“When You’ve Got Your Health You’ve Got Just About Everything” – Reflecting on the ACA (and T.R. Reid)
News Item: Supreme Court Lets Health Law Largely Stand
WASHINGTON — The Supreme Court on Thursday left standing the basic provisions of the health care overhaul, ruling that the government may use its taxation powers to push people to buy health insurance.
News item: Stockton, California, To File For Bankruptcy Protection
Stockton, California, said it will file for bankruptcy after talks with bondholders and labor unions failed, making the agricultural center the biggest U.S. city to seek court protection from creditors.
“Retirees are not going to be happy,” said Dale Ginter, who represented retired Vallejo workers in that city’s bankruptcy. “My prediction is that retiree health care is cut. I wouldn’t be surprised to see it cut to zero.”
The news hit this morning that the Supreme Court upheld the ACA act (frequently called “ObamaCare”). Regardless of your position on this, it might be good to take a look at the over all question: what about health care?
The city of Stockton, CA just decided to declare bankruptcy partly because of looming health care obligations of their retired employees. Other cities are in the pipeline for this problem, which will undoubtedly continue to spread.
In an increasingly out-sourced world, with people working at jobs that are not quite like the jobs of yesteryear, a growing percentage of Americans simply do not have/can not afford health care.
Of all the books I have read about the actual problem, “what can we do about health care?”, the best book I’ve read is The Healing of America: A Global Quest for Better, Cheaper, and Fairer Health Care by T. R. Reid (New York: The Penguin Press. 2009). T. R. Reid is a respected and experienced journalist. He also has lived and worked as a journalist in many different foreign countries. He also has a bad shoulder. From the book:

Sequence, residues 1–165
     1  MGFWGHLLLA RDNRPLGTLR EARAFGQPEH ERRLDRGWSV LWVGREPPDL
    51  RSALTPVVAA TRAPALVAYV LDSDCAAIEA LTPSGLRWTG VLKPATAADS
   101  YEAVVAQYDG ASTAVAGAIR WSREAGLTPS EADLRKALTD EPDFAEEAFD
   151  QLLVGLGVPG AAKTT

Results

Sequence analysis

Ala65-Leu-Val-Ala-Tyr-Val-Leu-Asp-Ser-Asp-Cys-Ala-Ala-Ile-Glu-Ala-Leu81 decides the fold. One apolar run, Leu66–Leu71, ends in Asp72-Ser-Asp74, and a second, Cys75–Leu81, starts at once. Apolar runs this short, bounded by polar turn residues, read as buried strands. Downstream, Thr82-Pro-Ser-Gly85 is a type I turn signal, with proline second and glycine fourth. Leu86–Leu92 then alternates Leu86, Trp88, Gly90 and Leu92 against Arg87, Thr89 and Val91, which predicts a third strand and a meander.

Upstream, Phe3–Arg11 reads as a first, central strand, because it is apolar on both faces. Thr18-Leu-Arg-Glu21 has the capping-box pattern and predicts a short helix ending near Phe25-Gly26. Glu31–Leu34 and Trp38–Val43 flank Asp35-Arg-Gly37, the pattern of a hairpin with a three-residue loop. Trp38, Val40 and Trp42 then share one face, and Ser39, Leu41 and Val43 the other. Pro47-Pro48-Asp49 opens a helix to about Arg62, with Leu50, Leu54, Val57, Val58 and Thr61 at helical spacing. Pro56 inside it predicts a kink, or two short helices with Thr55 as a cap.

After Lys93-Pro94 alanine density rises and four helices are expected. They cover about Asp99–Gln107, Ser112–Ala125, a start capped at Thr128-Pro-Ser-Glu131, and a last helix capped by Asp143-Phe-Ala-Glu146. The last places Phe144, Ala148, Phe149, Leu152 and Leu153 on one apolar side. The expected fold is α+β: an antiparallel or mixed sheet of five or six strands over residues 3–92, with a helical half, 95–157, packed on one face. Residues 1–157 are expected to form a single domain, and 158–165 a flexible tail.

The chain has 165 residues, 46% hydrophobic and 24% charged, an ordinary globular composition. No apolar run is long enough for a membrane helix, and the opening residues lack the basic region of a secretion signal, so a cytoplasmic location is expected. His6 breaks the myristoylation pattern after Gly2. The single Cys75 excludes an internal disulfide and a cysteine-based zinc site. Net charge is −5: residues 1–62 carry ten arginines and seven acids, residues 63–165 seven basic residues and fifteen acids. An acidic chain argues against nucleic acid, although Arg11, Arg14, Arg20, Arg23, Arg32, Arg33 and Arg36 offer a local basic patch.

“On the personal level, I was hoping to find some relief from my ailing right shoulder, which I bashed badly decades ago as a seaman, second, class, in the U.S. Navy. In 1972, a navy surgeon (literally) screwed the joint back together, and that repair job worked for a while. Over time, though, the stainless-steel screw in my clavicle loosened; my shoulder grew increasingly painful and hard to move. By the first decade of the twenty-first century, I could no longer swing a golf club, I could barely reach up to replace a lightbulb overhead of get the wineglasses from the top shelf. Yearning for surcease from sorrow, I took the bum shoulder to doctors and clinics in countires around the world.”
An international journalist, with a bum shoulder… This unique perspective certainly gives Mr. Reid a unique perspective from which to study this issue. Here are a number of key quotes from his book:
Government and academic studies report that more than 20,000 Americans die in the prime of life each year from medical problems that could be treated, because they can’t afford to see a doctor. That doesn’t happen in any other developed country. Hundreds of thousands of Americans go bankrupt every year because of medical bills. That doesn’t happen in any other developed country either.